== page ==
Some things and ideas: June 2018
Some random thoughts on articles that caught my attention in the last month. Note that I try to write notes on articles immediately after reading them, so there can be a little overlap in themes if an article grabs my attention early in the month and is similar to an article that I like later in the month.
I don’t agree with the article for a host of reasons, but it’s certainly thought provoking.
One reason I don’t agree- a key piece of the article seems to center on “people don’t want ads.” That’s probably true, but advertisers want to reach people, and websites are incentivized to let them since ads are generally what pay the bills. If enough people install ad blockers, websites are going to take drastic counter measures to make sure the bills still get paid (I’ve already seen sites that won’t let you access them with an adblocker installed).
Another piece I don’t agree with- the article leads by citing amazon passing search engines as the first place you start when looking for a product as part of the death of Google story. While Google would certainly prefer product searches starting with them, the vast majority of searches are information based (“what type of tax return should I file if I’m a consultant”) and advertising can often benefit both the advertiser and a searcher in that transaction (in my tax return example, a tax prep company could advertise to the searcher, and the searcher very well might want to hire the tax company).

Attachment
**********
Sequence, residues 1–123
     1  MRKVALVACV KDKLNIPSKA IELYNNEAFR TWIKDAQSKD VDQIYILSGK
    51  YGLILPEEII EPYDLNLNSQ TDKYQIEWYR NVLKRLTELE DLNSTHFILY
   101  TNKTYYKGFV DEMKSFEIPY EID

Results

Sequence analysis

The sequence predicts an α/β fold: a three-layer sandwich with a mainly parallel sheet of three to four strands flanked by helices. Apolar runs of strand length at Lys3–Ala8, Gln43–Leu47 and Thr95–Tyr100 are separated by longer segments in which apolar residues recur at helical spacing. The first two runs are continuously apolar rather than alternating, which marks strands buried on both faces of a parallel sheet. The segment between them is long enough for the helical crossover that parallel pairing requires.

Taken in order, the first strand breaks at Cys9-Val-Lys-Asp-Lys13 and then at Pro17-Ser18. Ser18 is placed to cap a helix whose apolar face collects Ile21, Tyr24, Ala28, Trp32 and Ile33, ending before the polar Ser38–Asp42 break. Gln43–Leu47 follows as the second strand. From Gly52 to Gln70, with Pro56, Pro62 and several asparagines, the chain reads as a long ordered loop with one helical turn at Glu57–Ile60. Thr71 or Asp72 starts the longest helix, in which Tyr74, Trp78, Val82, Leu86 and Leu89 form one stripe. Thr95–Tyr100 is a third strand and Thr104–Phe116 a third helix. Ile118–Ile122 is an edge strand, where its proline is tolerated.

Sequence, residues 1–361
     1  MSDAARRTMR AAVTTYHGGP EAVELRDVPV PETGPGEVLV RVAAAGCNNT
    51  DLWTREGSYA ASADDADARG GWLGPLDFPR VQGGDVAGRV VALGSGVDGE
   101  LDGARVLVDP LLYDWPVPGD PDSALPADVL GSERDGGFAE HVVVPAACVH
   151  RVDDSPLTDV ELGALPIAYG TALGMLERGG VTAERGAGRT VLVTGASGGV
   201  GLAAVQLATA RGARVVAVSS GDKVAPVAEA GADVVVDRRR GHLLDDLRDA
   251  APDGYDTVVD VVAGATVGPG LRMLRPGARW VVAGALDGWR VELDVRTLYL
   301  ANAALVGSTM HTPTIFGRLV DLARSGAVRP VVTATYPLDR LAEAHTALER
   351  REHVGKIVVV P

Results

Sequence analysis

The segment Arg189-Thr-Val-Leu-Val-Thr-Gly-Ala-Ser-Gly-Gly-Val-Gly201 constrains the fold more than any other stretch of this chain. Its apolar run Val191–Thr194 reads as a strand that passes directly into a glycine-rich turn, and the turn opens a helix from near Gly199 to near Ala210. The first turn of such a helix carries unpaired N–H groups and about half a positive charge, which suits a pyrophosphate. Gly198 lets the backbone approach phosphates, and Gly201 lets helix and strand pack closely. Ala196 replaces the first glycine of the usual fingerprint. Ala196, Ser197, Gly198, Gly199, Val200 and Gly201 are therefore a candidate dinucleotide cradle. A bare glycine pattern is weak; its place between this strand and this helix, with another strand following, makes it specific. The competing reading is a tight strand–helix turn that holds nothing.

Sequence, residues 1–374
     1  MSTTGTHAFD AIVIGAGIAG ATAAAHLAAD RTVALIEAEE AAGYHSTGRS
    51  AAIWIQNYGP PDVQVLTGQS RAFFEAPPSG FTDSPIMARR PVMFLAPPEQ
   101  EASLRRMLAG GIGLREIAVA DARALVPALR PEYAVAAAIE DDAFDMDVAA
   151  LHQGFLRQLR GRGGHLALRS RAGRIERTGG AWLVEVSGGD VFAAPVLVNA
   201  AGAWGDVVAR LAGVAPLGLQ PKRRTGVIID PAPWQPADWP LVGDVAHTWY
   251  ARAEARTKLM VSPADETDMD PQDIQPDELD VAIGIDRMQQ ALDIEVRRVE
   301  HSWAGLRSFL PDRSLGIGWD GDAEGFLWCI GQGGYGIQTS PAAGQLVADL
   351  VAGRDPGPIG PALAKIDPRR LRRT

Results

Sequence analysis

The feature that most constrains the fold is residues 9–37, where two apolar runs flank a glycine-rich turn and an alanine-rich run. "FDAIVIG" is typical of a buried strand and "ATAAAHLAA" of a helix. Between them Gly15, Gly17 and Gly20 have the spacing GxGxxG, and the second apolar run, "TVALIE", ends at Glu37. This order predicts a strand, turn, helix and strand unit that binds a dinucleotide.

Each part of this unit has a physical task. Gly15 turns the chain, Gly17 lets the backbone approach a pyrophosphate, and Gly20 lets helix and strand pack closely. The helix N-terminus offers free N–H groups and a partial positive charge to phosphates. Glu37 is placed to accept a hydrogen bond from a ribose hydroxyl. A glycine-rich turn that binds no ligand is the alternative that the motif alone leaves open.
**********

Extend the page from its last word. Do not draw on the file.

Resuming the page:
“Audible, the biggest player with more than 425,000 titles in its online store, has an enormous advantage in this increasingly crowded arena. Amazon has been pushing audiobooks on its platform, listing them as “free” with a trial Audible membership, which costs $15 a month, and includes a book each month”
It is borderline insane how many times I think to myself, “man, that area of the market is going to be huge” and it turns out Amazon is by far the leader in said area. AWS for cloud computing is obviously one, but the list runs on and on: video game streaming (Twitch, which dominates video game streaming), audiobooks (audible), in-home assistants (alexa), etc.
I’ve been spending a lot of time looking at the asset managers (particularly the private equity / alternative asset managers; I linked to BAM’s (disclosure: long) letter in my Senvest (disclosure: long) post).